In mybook®: Health
- 7:30 am - 1:30 pm
- Mon - Thu
- 8:00 am - 5:00 pm
- 7:30 am - 1:30 pm
- Sat - Sun
Services: Bonding, Bridges, Crowns, Extractions, Fillings, Implants, Nitrous Oxide, Panorex, Periodontal Treatment, Porcelain Veneers, Root Canals, Sealants, Teeth Whitening, Teeth Bleaching, Bleaching Trays, Cosmetic Dentistry, Family Dentistry, GeneralDentistry. We have integrated technology throughout our state-of-the- art facility to provide maximum quality of care for all patients from the greater Charlotte metropolitan area.
High Tech Dentistry with a Soft Touch
High Tech Dentistry with a Soft Touch
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Dental ImplantsImplants are artificial tooth roots that are anchored into the jaw bone. After an initial period of healing, they are used to secure first temporary and then final "teeth".
BridgesDuring the second visit, your temporary bridge will be removed and the new permanent bridge will be checked and adjusted, as necessary, to achieve a proper fit. Multiple visits may be required to check the fit of the metal framework and bite. This is dependent on each individual's case. If the dental bridge is a fixed (permanent) bridge, your dentist may temporarily cement it in place for a couple of weeks to make sure it is fitting properly. After a couple weeks, the bridge is permanently cemented into place.
Resin CompositeBonding is a multi-layered process (tooth-like substance) in which durable, enamel-like composite resins are intricately applied to the tooth before it is exposed to a special light. The result may change the tooth's shape or color, increase its size or repair a defect.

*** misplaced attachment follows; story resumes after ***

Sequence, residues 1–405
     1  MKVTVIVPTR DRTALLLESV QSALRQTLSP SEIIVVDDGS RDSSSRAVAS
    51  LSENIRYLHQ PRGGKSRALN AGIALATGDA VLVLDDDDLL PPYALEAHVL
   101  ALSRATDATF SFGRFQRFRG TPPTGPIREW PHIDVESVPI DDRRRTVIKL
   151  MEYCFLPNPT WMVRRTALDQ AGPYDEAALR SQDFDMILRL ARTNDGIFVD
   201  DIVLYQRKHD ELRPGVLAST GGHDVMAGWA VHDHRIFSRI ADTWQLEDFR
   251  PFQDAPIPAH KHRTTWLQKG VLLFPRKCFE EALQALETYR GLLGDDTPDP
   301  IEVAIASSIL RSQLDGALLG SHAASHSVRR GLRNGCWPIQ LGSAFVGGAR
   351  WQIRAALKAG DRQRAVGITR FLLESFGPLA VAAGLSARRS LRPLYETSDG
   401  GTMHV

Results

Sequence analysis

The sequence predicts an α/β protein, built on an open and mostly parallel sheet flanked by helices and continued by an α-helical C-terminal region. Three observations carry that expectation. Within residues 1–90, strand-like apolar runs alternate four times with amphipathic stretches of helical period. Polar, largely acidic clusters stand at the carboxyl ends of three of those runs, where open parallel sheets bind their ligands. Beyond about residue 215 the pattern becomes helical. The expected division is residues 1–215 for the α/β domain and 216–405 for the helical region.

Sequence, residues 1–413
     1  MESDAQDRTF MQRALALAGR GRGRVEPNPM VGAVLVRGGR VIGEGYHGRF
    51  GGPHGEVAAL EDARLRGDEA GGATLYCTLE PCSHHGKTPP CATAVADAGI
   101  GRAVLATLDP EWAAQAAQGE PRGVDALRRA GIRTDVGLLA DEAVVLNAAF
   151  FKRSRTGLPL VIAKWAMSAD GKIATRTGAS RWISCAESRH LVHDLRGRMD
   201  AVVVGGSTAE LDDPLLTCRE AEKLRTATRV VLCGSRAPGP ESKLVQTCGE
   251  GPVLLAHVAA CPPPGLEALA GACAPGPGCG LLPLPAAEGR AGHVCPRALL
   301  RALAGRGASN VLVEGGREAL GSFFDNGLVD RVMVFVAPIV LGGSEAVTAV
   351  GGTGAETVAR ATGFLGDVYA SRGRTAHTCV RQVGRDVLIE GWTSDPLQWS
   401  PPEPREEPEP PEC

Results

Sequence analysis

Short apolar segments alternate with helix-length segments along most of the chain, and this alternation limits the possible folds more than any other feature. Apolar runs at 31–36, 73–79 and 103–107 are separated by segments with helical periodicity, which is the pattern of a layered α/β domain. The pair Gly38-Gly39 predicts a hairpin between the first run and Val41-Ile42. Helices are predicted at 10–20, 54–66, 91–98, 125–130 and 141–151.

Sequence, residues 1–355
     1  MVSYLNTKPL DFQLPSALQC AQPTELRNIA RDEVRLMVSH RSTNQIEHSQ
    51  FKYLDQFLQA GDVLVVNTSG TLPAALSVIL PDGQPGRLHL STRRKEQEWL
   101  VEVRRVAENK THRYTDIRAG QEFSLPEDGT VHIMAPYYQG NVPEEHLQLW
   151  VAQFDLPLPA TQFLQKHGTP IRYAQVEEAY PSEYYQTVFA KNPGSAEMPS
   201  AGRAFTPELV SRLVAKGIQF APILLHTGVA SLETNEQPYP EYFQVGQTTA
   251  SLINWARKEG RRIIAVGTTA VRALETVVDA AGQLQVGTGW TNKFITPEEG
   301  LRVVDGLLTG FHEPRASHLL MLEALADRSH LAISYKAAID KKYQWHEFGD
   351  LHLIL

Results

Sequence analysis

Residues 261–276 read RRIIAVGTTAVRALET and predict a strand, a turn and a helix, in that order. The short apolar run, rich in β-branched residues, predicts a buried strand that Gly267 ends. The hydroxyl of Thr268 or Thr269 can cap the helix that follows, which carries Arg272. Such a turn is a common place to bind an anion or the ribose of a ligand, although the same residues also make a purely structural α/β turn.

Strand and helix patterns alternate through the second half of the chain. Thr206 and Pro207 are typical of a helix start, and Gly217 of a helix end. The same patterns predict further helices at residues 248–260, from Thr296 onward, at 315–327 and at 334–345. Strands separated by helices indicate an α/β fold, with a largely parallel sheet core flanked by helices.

Gold RestorationsYou should be entitled to either 100 percent coverage or some form of premium credit. By coordinating benefits, you can eliminate being penalized or denied coverage when the two plans have conflicting exclusions. It is not unusual to be eligible for dual benefits. You may be covered under your company's plan as well as under that of your spouse's employer. In analyzing your options, make sure to look for a plan that allows coordination of benefits. Dentists participating in closed panel or capitation plans may have select hours to see plan patients. They may schedule appointments for these patients on given days, or at specified hours of the day, restricting your access. Some dentist's fees for seeing you on weekends or during emergencies are high than those the plan allows. You may be required to pay additional costs yourself. If you select these types of plans, have a clear understanding of your dentist's policies as well as the plan's dentist-to-patient ratio. It's the best way to ensure your access to care is not unduly restricted and that you are not surprised by higher fees the plan does not cover. Some plans limit referrals to specialists. Your dentist may be required to refer you to a limited selection of specialists who have contracted with the plan's third party. You also may be required to get permission from the plan administrator before being referred to a specialist. If you choose a plan with these limitations, make sure qualified specialists are available in your area. Look for a plan with a broad selection of different types of specialists. If you have children, you may prefer a plan that allows a pediatric dentist to be your child's primary care dentist. Since specialized treatment is generally more costly than routine care, some plans discourage the use of specialists. While many general practitioners are qualified to perform some specialized services, complex procedures often require the skills of a dentist with special training. Discuss the options with your dentist before deciding who is best qualified to deliver treatment. --fixed bridges, partial dentures and removable or fixed dentures. --either surgical placement or restoration --treatment including retainers, braces and/or diagnostic materials. --treatment of complicated periodontal disease requiring surgery involving bones, underlying tissues or bone grafts. --removal of impacted teeth and complex oral surgery procedures. --gold restorations and individual crowns Since dental benefits encourage you to get preventive care, which often eliminates the need for major dental work, most plans are not generous when it comes to paying for major dental work, most plans cover less than 50 percent of the cost of major treatment. Most plans limit the benefits--both in number of procedures and dollar amount--that are covered in a given year. Be aware of these restrictions when choosing your plan and as you and your dentist develop treatment best suited for you. Major dental care inc